Most of the damage he has done is actually because he is so clumsy. He’s very sweet and likes to be stroked (he has a lovely purr), but he doesn’t like sitting on laps, which I find a bit sad. Until recently I had two lovely lap cats, and now neither of my cats are lap cats 🙁
Post # 12
As long as kitty has things it can scratch, your furniture will be ok. Some cats like to scratch standing up, some on all fours. We give our cats a variety of surfaces to scratch, and they have an area in each room.
Post # 13
We got our black american shorthair cat when he was about 12 weeks. It took time, but he matured quit fast and is now a wonderful, well behaved, smart and affectionate cat. We adopted another american short hair that was given up by owner but used to be outdoor/indoor cat and brought it to the house when our other cat was one year old both males. They are the same age and get along great. They were both fixed and are the best buddies. I was so worry they wouldn’t get along but their personalities are so different, I think that’s why it was so easy for them to like each other. Our adopted cat wasn’t behaving very well at the beginning, but after working with him and giving him lots of love and positive reinforcement, his behavior has changed tremendously and is now a very sweet cat.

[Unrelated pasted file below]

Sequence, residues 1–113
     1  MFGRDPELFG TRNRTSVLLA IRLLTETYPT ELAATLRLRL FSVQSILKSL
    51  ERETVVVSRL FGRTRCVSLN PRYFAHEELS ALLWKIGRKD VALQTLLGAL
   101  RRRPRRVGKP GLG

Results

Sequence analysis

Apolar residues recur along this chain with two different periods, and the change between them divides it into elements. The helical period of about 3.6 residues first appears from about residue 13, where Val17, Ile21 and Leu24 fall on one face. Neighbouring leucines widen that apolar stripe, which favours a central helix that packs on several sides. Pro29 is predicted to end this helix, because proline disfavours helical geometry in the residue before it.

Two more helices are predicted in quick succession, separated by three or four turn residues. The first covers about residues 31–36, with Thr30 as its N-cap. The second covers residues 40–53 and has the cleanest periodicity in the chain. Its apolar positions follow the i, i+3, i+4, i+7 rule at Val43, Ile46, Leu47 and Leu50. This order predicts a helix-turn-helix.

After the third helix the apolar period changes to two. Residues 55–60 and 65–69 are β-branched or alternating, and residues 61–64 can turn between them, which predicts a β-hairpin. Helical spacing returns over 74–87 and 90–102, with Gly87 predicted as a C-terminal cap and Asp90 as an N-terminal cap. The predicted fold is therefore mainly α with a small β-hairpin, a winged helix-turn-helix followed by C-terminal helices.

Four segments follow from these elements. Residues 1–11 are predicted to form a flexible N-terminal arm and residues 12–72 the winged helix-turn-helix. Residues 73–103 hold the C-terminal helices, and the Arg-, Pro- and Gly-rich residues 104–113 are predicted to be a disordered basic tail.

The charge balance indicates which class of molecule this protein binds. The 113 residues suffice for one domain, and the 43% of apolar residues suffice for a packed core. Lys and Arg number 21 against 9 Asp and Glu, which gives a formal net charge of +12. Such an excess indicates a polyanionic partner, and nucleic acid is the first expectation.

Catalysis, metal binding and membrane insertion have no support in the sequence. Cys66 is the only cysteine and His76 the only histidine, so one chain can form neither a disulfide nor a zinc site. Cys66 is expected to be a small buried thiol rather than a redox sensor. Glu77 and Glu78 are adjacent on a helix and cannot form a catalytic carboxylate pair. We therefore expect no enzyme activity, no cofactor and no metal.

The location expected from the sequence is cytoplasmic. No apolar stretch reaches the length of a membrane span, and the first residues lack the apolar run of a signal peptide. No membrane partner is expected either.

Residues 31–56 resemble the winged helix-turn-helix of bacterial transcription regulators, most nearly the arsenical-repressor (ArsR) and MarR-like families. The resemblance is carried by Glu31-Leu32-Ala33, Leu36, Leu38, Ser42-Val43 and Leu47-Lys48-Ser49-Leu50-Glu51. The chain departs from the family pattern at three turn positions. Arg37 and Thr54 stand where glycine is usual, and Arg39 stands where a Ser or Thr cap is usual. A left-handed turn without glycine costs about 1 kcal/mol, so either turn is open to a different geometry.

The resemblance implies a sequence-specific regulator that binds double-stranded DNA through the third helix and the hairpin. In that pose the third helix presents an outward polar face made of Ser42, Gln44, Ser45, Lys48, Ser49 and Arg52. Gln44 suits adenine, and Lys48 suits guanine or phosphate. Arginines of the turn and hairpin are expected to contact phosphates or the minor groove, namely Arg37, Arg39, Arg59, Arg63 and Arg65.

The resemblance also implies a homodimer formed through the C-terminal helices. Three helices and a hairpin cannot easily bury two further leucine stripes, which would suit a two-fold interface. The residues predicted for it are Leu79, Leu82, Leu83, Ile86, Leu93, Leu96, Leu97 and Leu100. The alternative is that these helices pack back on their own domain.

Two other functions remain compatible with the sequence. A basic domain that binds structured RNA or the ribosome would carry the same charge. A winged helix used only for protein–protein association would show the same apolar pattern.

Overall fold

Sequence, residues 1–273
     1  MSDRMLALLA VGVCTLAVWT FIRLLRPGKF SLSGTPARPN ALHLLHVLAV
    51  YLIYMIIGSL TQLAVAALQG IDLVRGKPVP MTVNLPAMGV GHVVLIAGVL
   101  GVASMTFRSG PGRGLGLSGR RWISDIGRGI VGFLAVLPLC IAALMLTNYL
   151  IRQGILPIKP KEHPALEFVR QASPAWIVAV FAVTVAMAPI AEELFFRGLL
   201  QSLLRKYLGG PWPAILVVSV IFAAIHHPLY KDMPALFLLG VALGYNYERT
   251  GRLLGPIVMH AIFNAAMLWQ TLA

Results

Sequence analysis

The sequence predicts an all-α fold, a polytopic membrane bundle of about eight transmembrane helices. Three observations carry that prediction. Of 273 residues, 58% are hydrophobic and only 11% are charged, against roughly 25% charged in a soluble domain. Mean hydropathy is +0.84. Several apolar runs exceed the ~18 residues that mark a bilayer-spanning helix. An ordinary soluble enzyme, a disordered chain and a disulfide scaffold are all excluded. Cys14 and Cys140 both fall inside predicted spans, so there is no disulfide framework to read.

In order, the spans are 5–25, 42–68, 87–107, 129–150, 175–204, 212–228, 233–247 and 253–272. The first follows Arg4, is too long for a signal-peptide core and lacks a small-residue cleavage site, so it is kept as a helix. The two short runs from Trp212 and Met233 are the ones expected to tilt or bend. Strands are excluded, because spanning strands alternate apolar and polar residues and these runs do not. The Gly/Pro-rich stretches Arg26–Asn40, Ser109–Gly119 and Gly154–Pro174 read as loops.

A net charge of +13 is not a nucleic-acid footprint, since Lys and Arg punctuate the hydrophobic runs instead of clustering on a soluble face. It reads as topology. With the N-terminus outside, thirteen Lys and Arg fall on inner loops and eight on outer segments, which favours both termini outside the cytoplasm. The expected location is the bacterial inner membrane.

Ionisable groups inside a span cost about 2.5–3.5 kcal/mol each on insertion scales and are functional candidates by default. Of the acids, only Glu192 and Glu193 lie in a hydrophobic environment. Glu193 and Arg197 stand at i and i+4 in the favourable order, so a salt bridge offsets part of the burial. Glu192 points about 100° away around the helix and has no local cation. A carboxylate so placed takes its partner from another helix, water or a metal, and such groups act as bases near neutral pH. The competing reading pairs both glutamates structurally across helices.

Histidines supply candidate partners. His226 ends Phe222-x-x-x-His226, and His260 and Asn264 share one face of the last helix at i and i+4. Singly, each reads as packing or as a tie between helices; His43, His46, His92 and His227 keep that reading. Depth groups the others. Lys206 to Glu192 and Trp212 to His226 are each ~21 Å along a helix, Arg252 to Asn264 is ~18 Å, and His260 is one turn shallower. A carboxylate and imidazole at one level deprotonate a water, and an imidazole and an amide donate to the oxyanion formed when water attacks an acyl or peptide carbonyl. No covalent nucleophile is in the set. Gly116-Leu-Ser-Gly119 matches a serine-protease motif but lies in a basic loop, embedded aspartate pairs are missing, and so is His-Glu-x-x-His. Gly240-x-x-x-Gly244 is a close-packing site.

Post # 14
Just want to chime in on giving your future kitten different options to scratch. My (then feral, now a softy) kitten totally ignored all scratching posts, but when I bought a flat cardboard one he loved it.
I’ve never had a Ragdoll, but every one I’ve met has been super chilled, so hopefully you won’t have too many problems!
Post # 15
Get two kittens. They love to have a friend to play with. I adopted two kittens and provided them with a scratching post, a climbing tree and a bunch of toys and a little over a year later they have still not scratched at my furniture or rugs. I think having the second kitten really helps to keep them both distracted and it keeps them compnay when no one is home and they won’t get bored. Plus, two is always better than one!